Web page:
'I may never know what it looks like': 'Uncomfortable truths' line road to reconciliation in Canada

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As Canada prepares to reflect on 150 years of colonization, imperialism and unfettered resource extraction, rabble journalist Phillip Dwight Morgan is interviewing key grassroots activists across Canada to identify what struggles will shape the politics in this country in 2017. Read his piece on Black Lives Matter TO here. This is the second part of his series.

When asked what "reconciliation" means to her, Indigenous writer and activist Nickita Longman offers a solemn and frank reflection: "I don't think our country is ready for reconciliation yet, and therefore, I may never know what it looks and feels like."

For Longman, there is still much work to be done before this country can begin to seriously talk about reconciliation. "One thing people often forget," Longman reflects in our email interview,

"is the truth that comes before the reconciliation. This means looking within. How do you actively benefit from your privilege? How do you contribute to colonialism? What are you willing to do with the benefits of your privilege to counter colonialism? A lot of people are not ready to face these things head-on despite how incredibly necessary and crucial they may be. We cannot and will not have reconciliation before facing some uncomfortable truths."

Uncomfortable truths.

This country is full of uncomfortable truths. In a March 2016 article titled, "When a taxi is no longer the safe ride home," Longman outlines the racism, violence, and harassment that Indigenous women face when getting into a taxi, as well as the resilience of women such as Brenda Redwood, a Saulteaux and Ojibway woman, who began driving Indigenous women around on her own and founded Regina Indigenous Safe Ride in response.

Longman, from George Gordon First Nation in Treaty 4 Territory, learned of the threats to Indigenous women's safety from an early age, "Growing up in the prairies as Indigenous comes with its complexities," Longman recalls. "Indigenous parents are forced to have complicated conversations with their children that non-Indigenous families couldn't even imagine. I knew from a very young age that as an Indigenous woman, I am to never walk home alone. That's always been the unsafe choice. But now, we've reached a point of such intense racism that even taxi cabs are unsafe."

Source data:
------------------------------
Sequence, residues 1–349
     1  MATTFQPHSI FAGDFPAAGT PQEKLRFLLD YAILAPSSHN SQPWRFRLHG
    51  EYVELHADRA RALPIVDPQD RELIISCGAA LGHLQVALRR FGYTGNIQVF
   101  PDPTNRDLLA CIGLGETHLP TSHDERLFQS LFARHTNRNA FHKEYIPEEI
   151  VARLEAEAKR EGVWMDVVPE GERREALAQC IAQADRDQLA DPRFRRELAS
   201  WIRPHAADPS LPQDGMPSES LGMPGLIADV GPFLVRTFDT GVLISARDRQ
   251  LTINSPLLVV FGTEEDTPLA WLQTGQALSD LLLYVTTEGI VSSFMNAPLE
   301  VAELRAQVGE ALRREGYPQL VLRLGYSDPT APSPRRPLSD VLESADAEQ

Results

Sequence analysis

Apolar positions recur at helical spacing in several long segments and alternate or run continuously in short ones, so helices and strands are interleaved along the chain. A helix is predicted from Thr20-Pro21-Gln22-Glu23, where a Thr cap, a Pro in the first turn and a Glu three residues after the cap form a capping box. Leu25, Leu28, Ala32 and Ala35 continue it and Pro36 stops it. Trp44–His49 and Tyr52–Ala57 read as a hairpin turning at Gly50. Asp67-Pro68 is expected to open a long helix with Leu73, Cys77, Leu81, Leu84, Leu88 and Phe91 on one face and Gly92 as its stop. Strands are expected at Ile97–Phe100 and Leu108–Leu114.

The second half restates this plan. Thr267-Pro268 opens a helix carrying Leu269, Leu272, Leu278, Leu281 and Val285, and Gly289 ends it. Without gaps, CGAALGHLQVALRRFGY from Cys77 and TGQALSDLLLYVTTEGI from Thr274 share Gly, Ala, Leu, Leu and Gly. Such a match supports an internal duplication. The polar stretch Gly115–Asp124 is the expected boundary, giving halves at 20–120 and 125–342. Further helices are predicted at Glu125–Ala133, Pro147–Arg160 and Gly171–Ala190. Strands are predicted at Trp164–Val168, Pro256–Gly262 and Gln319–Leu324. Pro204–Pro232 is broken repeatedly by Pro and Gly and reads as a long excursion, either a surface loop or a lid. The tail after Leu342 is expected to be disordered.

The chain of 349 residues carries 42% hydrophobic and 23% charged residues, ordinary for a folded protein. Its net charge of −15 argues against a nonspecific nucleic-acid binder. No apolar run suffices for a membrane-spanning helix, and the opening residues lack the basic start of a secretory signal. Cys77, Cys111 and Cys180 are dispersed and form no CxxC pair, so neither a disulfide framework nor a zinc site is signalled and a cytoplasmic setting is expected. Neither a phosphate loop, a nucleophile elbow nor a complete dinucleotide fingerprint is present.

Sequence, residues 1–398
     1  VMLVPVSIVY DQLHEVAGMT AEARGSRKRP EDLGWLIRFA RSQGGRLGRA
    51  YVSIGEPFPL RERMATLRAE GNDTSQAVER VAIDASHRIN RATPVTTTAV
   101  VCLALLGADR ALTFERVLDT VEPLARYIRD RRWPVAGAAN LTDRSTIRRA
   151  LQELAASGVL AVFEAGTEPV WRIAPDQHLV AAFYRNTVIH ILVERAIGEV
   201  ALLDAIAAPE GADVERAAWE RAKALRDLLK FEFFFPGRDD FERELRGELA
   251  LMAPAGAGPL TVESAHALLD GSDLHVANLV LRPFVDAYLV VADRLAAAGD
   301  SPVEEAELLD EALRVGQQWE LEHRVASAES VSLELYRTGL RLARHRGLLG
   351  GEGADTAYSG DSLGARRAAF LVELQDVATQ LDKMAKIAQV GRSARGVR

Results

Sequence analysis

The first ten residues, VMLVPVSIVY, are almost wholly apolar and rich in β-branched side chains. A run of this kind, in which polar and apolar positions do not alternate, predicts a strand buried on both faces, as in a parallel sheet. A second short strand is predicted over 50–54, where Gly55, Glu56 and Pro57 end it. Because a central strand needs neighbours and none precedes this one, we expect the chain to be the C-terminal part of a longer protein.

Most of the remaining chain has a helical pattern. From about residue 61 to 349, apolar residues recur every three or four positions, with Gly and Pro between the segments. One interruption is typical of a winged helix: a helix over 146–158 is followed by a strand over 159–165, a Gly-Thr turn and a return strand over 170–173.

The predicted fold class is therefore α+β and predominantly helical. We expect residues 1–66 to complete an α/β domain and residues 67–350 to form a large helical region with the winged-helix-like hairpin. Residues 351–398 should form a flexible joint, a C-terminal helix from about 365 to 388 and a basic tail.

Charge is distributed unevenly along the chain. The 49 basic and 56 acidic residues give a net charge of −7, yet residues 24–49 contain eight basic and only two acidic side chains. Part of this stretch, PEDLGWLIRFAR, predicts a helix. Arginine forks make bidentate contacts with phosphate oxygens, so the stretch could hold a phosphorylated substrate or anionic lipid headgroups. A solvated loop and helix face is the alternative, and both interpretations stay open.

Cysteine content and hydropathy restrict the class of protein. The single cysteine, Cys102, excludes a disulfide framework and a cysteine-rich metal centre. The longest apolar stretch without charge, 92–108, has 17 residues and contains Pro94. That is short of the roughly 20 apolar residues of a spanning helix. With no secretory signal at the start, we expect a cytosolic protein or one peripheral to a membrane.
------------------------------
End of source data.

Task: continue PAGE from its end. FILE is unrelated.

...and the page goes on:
Brad Wall and Justin Trudeau

Canada's colonial governments aren't helping. Longman cites Saskatchewan's sky-high incarceration rates for Indigenous people, who are 33 times more likely to be imprisoned than non-Indigenous Canadians. Meanwhile, she says, Premier Brad Wall's government is struggling with a $1.2 billion deficit.   

Wall prefers to stoke division and even xenophobic fears, Longman says, than confront the inequality facing his province's Indigenous communities.  Wall posted a video to Facebook on February 4 stating "Environmental protestors (sic) left their recycling behind. Interesting."

"This was perhaps his only statement he made in regards to Standing Rock," Longman states.. "This stirred the pot of racism in our province with racist, derogatory comments and inaccuracies regarding water protectors. Our province's leader slams the door to the working class, but happily holds it open for racism. Interesting."

Prime Minister Justin Trudeau's federal government has equally let down Indigenous communities, Longman says, despite the pro-Indigenous rhetoric of his election campaign.

"We see the lagging in the national inquiry to MMIW; we see the approval of two major pipelines; we see the inactivity to our children in care; we see no movement on our boil water advisories; we see no mental health support being offered to our isolated communities suffering from youth suicide. We see yet another government that has let us down while emboldening the fact that the colonial political system that has taken over doesn't leave much room for Indigenous voices.